Headlight flashing

Headlight flashing is the act of either briefly switching on the headlights of a car, or of momentarily switching between a headlight's high beams and low beams, in an effort to communicate with another driver or drivers. The signal is sometimes referred to in car manufacturers' manuals as an optical horn, since it draws the attention of other drivers.

The signal can be intended to convey a variety of messages, including a warning to other drivers of road hazards, telling a driver they can pass through or alerting a driver of speed traps, and it can also be a form of aggressive driving. The legality of headlight flashing varies by jurisdiction.

Ignition interlock device

An ignition interlock device or breath alcohol ignition interlock device (IID or BAIID) is a breathalyzer for an individual's vehicle. It requires the driver to blow into a mouthpiece on the device before starting or continuing to operate the vehicle. If the resultant breath-alcohol concentration analyzed result is greater than the programmed blood alcohol concentration (which varies between countries), the device prevents the engine from being started. The interlock device is located inside the vehicle, near the driver’s seat, and is directly connected to the engine’s ignition system.An ignition interlock interrupts the signal from the ignition to the starter until a valid breath sample is provided that meets maximal alcohol guidelines in that state. At that point, the vehicle can be started as normal. At random times after the engine has been started, the IID will require another breath sample, referred to as a rolling retest. The purpose of the rolling retest is to prevent someone other than the driver from providing a breath sample. If the breath sample isn't provided, or the sample exceeds the ignition interlock's preset blood alcohol level, the device will log the event, warn the driver, and then start up an alarm in accordance to state regulations (e.g., lights flashing, horn honking) until the ignition is turned off, or a clean breath sample has been provided. A common misconception is that interlock devices will simply turn off the engine if alcohol is detected; this would, however, create an unsafe driving situation and expose interlock manufacturers to considerable liability. Ignition interlock devices do not have an automatic engine shut off feature.

Intersection (road)

This article primarily reflects practice in jurisdictions where vehicles are driven on the right. If not otherwise specified, "right" and "left" can be reversed to reflect jurisdictions where vehicles are driven on the left.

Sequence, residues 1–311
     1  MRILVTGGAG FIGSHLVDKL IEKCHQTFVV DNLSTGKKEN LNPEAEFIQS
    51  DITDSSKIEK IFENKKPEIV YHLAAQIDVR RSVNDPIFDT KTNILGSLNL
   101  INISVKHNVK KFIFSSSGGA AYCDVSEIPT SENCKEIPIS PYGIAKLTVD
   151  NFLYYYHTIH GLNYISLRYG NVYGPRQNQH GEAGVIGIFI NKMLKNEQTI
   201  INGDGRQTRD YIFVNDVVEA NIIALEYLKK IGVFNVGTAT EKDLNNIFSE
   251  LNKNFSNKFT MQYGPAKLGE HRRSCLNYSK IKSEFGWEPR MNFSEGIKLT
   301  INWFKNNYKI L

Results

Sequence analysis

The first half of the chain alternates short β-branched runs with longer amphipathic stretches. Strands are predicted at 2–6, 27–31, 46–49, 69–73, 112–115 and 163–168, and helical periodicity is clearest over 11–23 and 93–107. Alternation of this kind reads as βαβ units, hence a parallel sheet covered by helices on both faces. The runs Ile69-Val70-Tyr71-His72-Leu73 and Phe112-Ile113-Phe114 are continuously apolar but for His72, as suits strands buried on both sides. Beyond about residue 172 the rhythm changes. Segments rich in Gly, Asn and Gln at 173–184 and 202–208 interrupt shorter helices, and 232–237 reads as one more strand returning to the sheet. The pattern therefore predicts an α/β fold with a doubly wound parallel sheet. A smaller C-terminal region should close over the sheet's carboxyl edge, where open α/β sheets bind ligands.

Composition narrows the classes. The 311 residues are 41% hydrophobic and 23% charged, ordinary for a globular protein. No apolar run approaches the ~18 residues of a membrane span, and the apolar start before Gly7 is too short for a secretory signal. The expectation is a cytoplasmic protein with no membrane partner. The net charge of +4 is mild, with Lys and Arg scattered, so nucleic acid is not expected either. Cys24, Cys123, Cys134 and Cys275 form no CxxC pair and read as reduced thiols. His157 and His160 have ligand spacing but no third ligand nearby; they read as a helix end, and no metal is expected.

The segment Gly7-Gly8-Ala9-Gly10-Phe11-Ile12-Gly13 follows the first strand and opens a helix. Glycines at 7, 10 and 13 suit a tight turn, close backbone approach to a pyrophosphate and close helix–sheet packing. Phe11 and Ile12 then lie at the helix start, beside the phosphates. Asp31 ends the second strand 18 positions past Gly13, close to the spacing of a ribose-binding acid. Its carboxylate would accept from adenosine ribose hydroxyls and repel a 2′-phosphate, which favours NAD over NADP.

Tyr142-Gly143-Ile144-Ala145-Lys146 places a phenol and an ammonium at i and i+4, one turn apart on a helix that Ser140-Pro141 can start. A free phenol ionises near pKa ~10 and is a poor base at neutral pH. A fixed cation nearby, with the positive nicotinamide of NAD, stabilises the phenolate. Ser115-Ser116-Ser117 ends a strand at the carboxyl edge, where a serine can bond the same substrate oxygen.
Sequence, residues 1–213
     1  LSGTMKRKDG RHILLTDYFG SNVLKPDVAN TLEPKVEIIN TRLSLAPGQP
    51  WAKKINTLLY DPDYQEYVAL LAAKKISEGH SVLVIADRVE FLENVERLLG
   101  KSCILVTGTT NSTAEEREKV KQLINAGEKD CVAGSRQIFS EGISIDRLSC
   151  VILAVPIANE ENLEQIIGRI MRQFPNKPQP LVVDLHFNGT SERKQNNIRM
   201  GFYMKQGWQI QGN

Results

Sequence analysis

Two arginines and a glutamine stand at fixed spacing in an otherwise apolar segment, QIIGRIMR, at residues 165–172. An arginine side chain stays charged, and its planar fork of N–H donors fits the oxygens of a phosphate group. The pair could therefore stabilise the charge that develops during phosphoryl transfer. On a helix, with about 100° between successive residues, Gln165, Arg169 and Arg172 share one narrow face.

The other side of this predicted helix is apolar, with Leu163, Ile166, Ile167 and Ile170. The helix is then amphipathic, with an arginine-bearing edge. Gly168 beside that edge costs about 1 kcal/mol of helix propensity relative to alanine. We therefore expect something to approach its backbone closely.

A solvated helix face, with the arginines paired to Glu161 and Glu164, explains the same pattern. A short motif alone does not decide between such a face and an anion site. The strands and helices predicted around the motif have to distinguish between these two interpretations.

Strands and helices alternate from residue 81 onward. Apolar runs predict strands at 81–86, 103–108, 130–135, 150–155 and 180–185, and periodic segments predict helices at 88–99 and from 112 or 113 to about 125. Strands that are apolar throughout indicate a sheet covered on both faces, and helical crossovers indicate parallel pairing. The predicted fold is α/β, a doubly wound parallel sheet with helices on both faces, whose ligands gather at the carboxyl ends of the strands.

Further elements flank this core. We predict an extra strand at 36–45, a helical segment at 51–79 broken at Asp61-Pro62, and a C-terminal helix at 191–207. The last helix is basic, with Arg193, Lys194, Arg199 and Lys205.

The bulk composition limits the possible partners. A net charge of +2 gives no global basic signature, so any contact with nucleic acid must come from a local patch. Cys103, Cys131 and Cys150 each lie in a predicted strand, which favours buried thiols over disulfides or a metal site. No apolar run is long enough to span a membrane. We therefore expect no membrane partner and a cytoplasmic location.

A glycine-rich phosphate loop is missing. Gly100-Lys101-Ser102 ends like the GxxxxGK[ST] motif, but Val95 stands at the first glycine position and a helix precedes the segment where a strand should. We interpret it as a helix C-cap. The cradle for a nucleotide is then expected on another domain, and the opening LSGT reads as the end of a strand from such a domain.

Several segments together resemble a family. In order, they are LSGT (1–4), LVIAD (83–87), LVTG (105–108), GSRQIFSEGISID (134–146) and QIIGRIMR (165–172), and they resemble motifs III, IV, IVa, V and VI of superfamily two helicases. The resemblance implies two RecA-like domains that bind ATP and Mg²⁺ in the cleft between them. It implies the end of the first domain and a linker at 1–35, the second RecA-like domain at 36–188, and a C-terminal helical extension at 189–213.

An intersection is an at-grade junction where two or more roads or streets meet or cross. Intersections may be classified by number of road segments, traffic controls, and/or lane design.

London Underground 2009 Stock

The London Underground 2009 Stock is a type of London Underground train built by Bombardier as part of its Movia family at its Derby Litchurch Lane Works, England. A total of 47 eight-car trains have been built for the Victoria line, entering passenger service between July 2009 and June 2011 and replacing the 1967 Tube Stock. It was the first new train on the network since the 1996 Tube Stock entered service in 1997.

Pistol boiler

A pistol boiler is a design of steam boiler used in light steam tractors and overtype steam wagons. It is noted for the unusual shape of the firebox, a circular design intended to be self-supporting without the use of firebox stays.

The name "pistol boiler" derives from the smooth curve of the outer firebox flowing into the boiler barrel, and a supposed resemblance to the stock of an early 19th-century pistol.

Pittsburgh left

The Pittsburgh left is a colloquial term for the driving practice of the first left-turning vehicle taking precedence over vehicles going straight through an intersection, associated with the Pittsburgh, Pennsylvania area. In other locales, the practice is also referred to as a Boston left, Massachusetts left, Rhode Island left, Jersey left (not to be confused with a jughandle or a Michigan left), and New York left. It is a potentially illegal and controversial practice.

Road Users' Code

Road Users' Code is a road user guide in Hong Kong. It is published by the Transport Department.

There is not a single law governing the rules of the road like other jurisdictions. Licensing and road maintenance are under the purview of the Transport Department and the Highways Department respectively.

There are several motoring laws in Hong Kong:

Motor Vehicles Insurance (Third Party Risks) Ordinance - governs third party insurance for drivers